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What aspiring SES students should know

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What aspiring SES students should know

Katie Anderson, Editor in Chief

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The School of Environmental Studies is a great option for many students seeking something different than the normal high school routine. Applications for the 2019-20 school year are due on December 20th, with tours and open houses well under way. Here are some things you should know about how to succeed at SES and what makes it different- from an SES student.

 

 

  • SES is a community.

 

One of the core values of SES is fostering a sense of community and belonging in the classroom. Even seating arrangements are set up to encourage teamwork; as a student, your desk is in a “pod” with ten other students, whom you will be working with most of the time. SES students rarely work alone, however group work at SES is different than your typical group project, and is much more an exchange of ideas. Discussion and teamwork are integral to the life of an SES student, however it isn’t for everyone. Not participating in discussions or data collection means you are hurting the SES community, so you should be willing to work with others and participate.

 

  • SES has a very different daily schedule than many schools.

 

SES is organized into a block schedule, meaning we only have three, longer classes each day. Your “house” is where you spend most of your time, and is where your desk and pod are. House is essentially a two-three hour super class that groups together three classes; social studies, environmental science, english, as well as any APs you choose to take. Depending on if you’re in Blue House or Rose House, you will either have House in the morning or afternoon. Your other classes are 90 minutes every other day.

 

  • SES is not an “easier” school.

 

Though many SES students enjoy their work more in comparison to other schools, it is certainly not an easier curriculum. Subjects are tackled with intensity, and is not uncommon to write four pages of scientific analysis in one day. Analysis and critical thinking are essential skills according to SES values, and are thus often expressed in essays or projects. Although, SES students rarely take tests in House, and don’t have finals.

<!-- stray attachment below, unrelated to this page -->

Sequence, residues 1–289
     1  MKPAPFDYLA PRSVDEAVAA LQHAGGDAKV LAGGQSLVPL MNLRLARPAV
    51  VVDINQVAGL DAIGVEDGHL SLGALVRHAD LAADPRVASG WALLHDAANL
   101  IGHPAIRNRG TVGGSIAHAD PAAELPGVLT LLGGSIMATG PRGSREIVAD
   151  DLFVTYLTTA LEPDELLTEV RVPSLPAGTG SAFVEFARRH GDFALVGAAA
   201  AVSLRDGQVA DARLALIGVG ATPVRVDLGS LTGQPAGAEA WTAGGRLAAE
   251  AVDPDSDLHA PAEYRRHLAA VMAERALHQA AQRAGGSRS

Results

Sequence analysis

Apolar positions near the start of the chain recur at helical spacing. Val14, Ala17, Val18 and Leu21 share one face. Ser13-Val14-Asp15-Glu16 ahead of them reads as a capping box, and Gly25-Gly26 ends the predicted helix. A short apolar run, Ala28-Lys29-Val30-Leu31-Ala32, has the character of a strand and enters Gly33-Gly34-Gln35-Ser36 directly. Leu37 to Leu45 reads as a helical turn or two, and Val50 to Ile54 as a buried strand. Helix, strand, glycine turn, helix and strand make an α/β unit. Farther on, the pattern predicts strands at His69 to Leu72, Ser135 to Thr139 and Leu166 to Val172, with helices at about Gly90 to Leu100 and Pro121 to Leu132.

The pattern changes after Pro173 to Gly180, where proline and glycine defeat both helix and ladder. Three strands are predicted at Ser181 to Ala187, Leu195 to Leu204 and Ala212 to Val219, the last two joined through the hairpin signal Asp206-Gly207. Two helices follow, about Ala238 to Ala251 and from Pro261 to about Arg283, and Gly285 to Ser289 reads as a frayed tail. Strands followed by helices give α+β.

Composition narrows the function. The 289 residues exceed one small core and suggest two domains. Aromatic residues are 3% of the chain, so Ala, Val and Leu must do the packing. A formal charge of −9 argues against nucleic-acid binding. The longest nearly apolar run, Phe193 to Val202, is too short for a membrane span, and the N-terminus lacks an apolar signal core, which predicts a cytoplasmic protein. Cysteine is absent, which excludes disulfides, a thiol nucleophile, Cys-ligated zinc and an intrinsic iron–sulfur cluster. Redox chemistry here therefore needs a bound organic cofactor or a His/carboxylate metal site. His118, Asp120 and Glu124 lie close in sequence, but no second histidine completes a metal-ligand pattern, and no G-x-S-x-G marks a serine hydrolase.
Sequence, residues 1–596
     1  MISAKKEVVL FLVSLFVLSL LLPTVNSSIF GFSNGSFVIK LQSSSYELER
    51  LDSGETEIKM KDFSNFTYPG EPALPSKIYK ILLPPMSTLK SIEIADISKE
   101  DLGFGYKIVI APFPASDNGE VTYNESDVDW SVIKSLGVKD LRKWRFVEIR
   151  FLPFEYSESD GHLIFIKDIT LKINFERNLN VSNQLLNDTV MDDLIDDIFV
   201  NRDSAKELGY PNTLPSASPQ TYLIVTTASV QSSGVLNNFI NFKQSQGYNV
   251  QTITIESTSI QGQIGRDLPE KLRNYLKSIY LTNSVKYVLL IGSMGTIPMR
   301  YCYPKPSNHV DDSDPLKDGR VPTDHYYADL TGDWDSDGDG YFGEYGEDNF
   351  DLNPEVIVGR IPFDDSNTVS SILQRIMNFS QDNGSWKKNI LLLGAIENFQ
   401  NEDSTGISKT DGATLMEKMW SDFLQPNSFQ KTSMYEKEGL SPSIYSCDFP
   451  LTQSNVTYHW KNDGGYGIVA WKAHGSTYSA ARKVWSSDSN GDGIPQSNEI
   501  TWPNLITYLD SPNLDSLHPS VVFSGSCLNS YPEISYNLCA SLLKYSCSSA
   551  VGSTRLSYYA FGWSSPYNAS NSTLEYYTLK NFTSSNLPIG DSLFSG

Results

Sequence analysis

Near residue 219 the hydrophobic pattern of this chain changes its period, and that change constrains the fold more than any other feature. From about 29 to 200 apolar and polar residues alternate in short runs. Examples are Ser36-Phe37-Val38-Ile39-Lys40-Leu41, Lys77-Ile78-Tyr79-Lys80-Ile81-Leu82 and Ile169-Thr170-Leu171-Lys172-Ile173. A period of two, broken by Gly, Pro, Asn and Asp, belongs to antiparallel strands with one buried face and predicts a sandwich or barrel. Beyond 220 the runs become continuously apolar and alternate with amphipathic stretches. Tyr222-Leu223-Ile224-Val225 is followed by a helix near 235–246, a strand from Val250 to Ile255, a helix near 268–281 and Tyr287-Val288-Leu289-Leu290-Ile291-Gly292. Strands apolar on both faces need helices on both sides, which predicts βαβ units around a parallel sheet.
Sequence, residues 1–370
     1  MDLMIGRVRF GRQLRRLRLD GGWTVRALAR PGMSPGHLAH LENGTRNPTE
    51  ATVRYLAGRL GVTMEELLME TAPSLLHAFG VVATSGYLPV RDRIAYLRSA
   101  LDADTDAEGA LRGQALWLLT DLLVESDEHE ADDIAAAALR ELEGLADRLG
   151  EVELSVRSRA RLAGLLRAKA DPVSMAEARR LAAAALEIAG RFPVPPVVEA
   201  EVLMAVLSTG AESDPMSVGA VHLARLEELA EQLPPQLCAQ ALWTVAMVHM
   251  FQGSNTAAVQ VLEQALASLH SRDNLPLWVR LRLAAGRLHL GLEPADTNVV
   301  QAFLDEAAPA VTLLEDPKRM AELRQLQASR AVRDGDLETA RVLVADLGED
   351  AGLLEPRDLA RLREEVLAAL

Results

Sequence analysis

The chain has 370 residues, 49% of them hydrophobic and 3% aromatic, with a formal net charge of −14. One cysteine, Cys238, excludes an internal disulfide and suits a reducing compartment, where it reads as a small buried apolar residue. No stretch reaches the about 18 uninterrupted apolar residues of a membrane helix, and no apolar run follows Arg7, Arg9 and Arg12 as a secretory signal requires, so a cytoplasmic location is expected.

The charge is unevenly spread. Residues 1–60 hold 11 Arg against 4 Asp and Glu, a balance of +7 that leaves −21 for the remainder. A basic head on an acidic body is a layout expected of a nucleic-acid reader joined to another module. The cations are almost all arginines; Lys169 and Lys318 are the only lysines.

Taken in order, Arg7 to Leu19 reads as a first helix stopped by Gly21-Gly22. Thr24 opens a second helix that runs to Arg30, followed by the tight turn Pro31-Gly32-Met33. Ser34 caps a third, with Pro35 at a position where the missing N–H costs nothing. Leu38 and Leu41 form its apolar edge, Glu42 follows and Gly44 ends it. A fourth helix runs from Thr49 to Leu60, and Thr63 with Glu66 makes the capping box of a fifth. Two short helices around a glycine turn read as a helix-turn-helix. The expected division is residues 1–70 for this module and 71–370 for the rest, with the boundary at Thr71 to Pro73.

• SES has a much looser structure.

 

Daily assignments aren’t as common at SES as they are at EHS; in a House class of 80-100 students, checking homework everyday can be impractical. That means when an SES student is given an assignment, they are expected to do it, not for a homework grade, but to contribute to their greater learning. In House, students keep a journal containing all their notes and resources. Though the journal is checked sporadically, the success of the journal as a resource is up to the student. At SES, teachers are a great help, but they aren’t there to constantly check up on your work to make sure you’re getting it done. Developing independent work skills is very important to the success of a student at SES.

SES is an amazing, engaging school, and a majority of students enjoy the curriculum; but in your education, you should always make the choice that is right for you.

 

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What aspiring SES students should know